A few years ago I started a group to go out to lunch with. We called ourselves Workers Without Offices. The gatherings were in response to not having an office holiday party. The socialization that comes with working a steady job was one of the things I missed most about having an office job. The paycheck was another biggie.
We met on and off for a few years. Scheduled changed. Who could make it changed. Priorities changed. We met less and less frequently. In 2018 we only met once or twice. It was my hope by creating a FB group that others would initiate the lunches. Instead I heard from at least one person if I organized the outings more often, then more people would come. I pointed out she could do the inviting, too. While she agreed with me, she never did extend an invitation to the group.
I would talk about this group during job interviews as an example of my organizing events, but did not continue the lunches.
Last month I received my first invitation to an office holiday party in about 20 years. I reminisced about past parties. Mine were not wild.
At The Woodrow Wilson National Fellowship Foundation we would gather in a manager's home. "Santa" would visit. One year "Mrs. Claus" (me) paid a visit instead.
International Schools Services used to have the most amazing holiday parties -- especially for someone who does not enjoy socializing. They bought us theater tickets, hired a bus, and sent us into NYC for a day. Must have been a pain for the secretary who made the arrangements, but it was awesome.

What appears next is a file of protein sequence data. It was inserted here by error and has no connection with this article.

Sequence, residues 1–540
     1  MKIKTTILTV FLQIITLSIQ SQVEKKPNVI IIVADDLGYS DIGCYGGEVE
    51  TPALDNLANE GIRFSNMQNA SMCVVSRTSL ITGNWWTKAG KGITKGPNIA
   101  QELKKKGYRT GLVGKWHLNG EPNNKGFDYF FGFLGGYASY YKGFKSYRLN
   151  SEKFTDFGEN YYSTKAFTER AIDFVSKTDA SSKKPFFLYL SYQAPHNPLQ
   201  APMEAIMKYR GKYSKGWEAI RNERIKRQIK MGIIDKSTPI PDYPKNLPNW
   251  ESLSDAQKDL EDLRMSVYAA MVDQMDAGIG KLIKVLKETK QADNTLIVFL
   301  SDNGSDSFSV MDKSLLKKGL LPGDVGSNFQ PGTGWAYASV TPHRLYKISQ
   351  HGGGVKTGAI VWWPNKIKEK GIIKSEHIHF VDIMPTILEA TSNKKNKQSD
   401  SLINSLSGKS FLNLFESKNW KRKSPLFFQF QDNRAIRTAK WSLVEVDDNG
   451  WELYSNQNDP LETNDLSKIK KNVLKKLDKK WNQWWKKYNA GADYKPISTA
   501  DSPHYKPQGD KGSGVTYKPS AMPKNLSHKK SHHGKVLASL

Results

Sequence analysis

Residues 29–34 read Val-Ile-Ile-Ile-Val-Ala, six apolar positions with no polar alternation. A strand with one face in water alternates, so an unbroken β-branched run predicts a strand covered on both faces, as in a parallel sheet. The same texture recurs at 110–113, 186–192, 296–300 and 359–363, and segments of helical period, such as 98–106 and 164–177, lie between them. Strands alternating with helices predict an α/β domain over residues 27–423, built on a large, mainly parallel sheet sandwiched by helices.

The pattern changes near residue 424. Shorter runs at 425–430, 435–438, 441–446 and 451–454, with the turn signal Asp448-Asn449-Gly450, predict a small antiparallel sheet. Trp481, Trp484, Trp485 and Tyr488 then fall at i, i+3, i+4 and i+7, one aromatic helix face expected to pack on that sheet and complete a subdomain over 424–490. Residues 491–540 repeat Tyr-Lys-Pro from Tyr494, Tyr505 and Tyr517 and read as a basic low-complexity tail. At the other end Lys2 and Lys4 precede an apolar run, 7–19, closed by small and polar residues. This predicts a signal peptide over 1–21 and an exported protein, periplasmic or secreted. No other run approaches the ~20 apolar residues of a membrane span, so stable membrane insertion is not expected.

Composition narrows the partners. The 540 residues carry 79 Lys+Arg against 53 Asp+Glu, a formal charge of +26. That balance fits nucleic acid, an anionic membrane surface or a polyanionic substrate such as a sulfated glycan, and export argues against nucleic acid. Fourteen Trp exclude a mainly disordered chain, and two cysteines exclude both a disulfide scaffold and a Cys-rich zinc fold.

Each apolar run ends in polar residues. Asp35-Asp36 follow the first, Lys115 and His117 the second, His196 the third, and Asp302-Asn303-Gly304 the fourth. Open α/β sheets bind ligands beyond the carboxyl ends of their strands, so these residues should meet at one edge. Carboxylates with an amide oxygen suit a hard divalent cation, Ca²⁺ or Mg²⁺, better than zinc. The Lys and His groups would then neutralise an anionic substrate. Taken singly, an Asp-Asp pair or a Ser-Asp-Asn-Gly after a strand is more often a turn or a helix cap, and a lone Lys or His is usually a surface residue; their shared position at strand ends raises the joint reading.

I do not recall what or if we had a holiday party at Rider University or Princeton Day School. I feel like we must have, but I have no recollection of it. At both schools we had off the week between Christmas and New Year's, which was quite generous, but I couldn't tell you a thing about holiday celebrations.
Brings me up to this year. The Bridge Academy recognizes the holidays are a busy time of year, so they held their party in late January at Leonardo's, a local, family-owned restaurant.
As you can see in the picture, Leonardo's keeps their restaurant decorated for Christmas through January for groups like us.
Neither Santa nor Mrs. Claus visited, nor did we see a Broadway show. Instead it was a great chance for me to better get to know my new co-workers and realize I no longer have a need for the Workers Without Offices group. While I'll still see many of the members individually, and keep in touch on social media, I will be stepping back from my role of group organizer.
And that feels good.